“Any time you have an internal candidate, you know them. Ryan interviewed well. He is going to make a great superintendent.”
Cobbs said being an internal candidate had both negatives and positives.
“I am from here and I have relationships with people,” Cobbs said. “Sometimes those relationships help me out and sometimes they don’t. They wanted to make the right decision about the leadership and the future of our district.”
Ward said Cobbs had a consistent message throughout his interview and during his tenure as an administrator.
“He has consistently wanted the best for the district,” Ward said. “He consistently has been a vocal supporter of it. He has that passion and energy to see our district succeed and be amazing. We have always seen that in him through the years. He definitely has lived it.”
Ward said Cobbs’ work on the different projects in the district should make the transition smooth.
“With this Gemini project coming on line, he is poised to develop that path to the end,” she said. “It allows to have districts to have conversations about areas that we have needed to for years. He relies on the teachers to be experts in their area. He can start the transition [earlier]. It will be a good bridge time [this spring].”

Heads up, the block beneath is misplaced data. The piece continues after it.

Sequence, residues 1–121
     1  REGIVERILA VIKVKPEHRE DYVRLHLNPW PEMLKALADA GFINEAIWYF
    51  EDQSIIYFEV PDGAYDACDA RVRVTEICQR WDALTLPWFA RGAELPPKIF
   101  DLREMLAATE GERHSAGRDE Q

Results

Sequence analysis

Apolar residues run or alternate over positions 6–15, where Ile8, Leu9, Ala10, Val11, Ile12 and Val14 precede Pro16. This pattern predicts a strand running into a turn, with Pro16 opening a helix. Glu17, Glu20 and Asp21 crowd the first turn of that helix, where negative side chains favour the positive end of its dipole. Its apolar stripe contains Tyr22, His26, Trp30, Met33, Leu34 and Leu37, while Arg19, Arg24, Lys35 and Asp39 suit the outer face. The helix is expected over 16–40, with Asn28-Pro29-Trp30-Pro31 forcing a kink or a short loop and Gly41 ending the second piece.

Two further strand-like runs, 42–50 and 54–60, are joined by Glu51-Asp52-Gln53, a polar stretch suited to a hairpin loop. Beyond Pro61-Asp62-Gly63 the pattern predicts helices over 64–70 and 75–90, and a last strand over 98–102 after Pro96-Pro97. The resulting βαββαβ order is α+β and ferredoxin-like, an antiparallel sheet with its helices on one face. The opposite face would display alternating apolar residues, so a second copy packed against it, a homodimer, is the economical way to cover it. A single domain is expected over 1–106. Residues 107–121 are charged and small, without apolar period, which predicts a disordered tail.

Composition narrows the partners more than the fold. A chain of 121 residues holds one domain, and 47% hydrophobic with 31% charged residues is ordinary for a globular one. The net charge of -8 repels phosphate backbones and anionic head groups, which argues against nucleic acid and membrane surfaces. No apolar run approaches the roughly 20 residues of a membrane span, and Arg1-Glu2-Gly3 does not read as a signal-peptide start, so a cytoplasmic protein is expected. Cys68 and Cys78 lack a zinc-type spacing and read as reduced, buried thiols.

Cobbs said being the front person on the school redesign process was an advantage.
“I know more about it than anybody else,” he said. “I have been leading our teachers through those conversations. We have some great things coming our way. We can have a tremendous impact upon the system we work in. Ultimately for the betterment of our kids.”
Cobbs said the transition can start immediately by discussing the vision and goals of the board and he can relay that vision to the staff.
Ward, who has been a school board member for more than 14 years and experienced a few superintendent searches in the past, said this search went smooth.
“It is a long progress, but it has been well worth it and it has been pretty exciting to have a good end result,” Ward said. “It was good for us to go through the process to make this decision.”
She said it was nice to get started early on the process.
“When we have had a search in the past, if you get behind, it is difficult because people are already committed,” Ward said. “The thing about the superintendent positions in our state, there are lots of vacancies. There are not very many people that are of quality to necessarily fill those. We are having a shortage. We were glad to keep moving forward and make the decision quickly.”
Part of the selection process was giving the opportunity for committees to interview the candidates. Ward said those participating did a good job of listening to the candidates and reporting back to the board.
“We read every one of their comments,” Ward said. “They were so thoughtful and gave us great feedback. We are excited to receive all the great participation we had from the community, the teachers, the students and staff.”